OK, OK, so we’ve got a bit of a thing about teak…
What will soon become apparent is our love of teak. A huge amount of our antique, vintage and retro furniture pieces have been hand crafted from teak. There are two reasons for this.
The first is function. Teak is famed for its durability and resistance. It has these properties due to the extremely challenging conditions in which it grows; it must drive its roots often through solid rock on the side of mountains in order to reach the water it needs to survive. It is also termite and pest resistant.
The second is the true beauty of the wood. With its light yellowish-brown colour and distinctive texture, it is one of the best looking tropical hardwoods. Of course there are others that are equally as suitable for furniture: rosewood, satinwood, mango wood, neem wood. But we just love teak.
As well as being a great looking wood in its own right, another aesthetic benefit of teak is that in terms of colour, it goes with just about everything. It can be very hard when designing your home’s interior to perfectly colour match between different pieces of furniture and fittings, but teak is, without doubt, an adaptable wood. It compliments most other colours and textures and works well both in a clean, contemporary home or a traditional older home full of character.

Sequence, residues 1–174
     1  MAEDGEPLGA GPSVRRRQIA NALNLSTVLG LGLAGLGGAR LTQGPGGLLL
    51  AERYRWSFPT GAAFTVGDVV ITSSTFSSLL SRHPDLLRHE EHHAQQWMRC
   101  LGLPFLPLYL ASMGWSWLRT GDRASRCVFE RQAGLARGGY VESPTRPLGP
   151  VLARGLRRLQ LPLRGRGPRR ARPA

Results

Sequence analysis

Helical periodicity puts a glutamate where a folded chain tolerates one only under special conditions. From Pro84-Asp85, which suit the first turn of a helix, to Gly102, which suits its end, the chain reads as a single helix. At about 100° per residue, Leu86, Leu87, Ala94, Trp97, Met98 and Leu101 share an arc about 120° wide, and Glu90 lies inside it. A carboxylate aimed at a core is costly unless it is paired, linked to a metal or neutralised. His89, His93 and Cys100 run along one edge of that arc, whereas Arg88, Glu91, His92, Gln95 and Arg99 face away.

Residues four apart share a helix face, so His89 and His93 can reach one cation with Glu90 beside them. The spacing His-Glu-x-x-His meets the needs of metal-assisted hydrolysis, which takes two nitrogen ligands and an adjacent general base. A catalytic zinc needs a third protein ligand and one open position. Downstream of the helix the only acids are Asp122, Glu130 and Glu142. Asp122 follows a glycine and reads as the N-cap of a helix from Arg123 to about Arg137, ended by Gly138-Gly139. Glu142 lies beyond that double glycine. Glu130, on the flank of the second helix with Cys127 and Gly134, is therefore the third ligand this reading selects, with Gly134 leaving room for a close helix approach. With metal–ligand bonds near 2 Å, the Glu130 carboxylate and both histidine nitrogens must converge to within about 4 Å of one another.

Impressively, it is not uncommon for a piece of teak furniture to last for up to seventy years standing out in the elements, and in fact it is so lasting that it is also common for pieces to be passed down through generations.
Such good looks and hardwearing properties make teak the perfect wood for old furniture. You can rest assured that a vintage or retro piece of teak furniture will last you many more years, and will always be easy to look after and admired.
Scaramanga stock a range of authentic old, vintage and antique teak furniture and home accessories. All of our teak furniture including our extensive range of antique and old wooden chests and trunks were made from wood harvested from old teak trees in the late 1800s and early 1900 during the British colonial era. Most of our teak chests and trunks have been constructed from single pieces of teak. Today such teak is rare.
The felling of rare old-growth teak is now illegal in counties such as Burma, India and Indonesia, so you can rest assured that you really are getting an increasingly rare item when you buy a piece of teak furniture.